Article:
Considered a masterpiece of avant-garde cinema, Last Year At Marienbad has fascinated and perplexed audiences in equal measure for decades.
In an unusual, ornate hotel populated by only the kind of select clientele that could afford to stay there – the wealthy – a man known only as X (Giorgio Albertazzi) approaches a woman, A (Delphine Seyrig). He tells her they have met before in Marienbad – although she claims not to remember – and she told him to wait 12 months before they decided on whether they should act on their feelings for each other. It’s a simple enough premise that’s distorted in execution, with not just A contradicting the man’s version of events but time itself bending and flowing and distorting with the will of the filmmakers.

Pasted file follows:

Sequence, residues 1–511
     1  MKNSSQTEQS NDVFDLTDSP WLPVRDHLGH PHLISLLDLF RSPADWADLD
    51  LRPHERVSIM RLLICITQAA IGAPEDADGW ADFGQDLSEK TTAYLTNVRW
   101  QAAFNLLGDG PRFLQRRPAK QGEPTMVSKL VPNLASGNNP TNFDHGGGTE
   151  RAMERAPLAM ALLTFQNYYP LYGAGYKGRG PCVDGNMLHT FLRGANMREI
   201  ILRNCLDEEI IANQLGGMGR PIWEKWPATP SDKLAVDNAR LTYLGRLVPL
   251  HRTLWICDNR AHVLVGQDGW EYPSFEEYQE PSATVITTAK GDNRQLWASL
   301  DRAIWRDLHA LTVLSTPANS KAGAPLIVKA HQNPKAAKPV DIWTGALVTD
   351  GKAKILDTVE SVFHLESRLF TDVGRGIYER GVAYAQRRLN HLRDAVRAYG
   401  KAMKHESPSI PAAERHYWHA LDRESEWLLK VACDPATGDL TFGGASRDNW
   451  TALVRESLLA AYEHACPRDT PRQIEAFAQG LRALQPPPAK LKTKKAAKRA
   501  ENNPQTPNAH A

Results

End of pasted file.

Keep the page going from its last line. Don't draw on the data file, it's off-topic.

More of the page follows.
“I must have you alive. Alive, as you have already been every evening, for weeks, for months.” – X
Directed by Alain Resnais and written by Alain Robbe-Grillet, the pair worked closely to create a clear vision of an unclear scenario, with the dreamlike qualities of the narrative going on to inspire the work of David Lynch, Stanley Kubrick and Christopher Nolan (to name just a few among dozens). “Incredible to think that students actually did stand in the rain to be baffled by it” Roger Ebert wrote, reflecting on how compelling Last Year At Marienbad was at the time of its release in the sixties. “And then to argue for hours about its meaning - even though the director claimed it had none.” It’s ambiguity and visual language is a key part of what makes it still so fascinating today … even if it remains just as baffling.
**– Maria Lewis, Assistant Film Curator **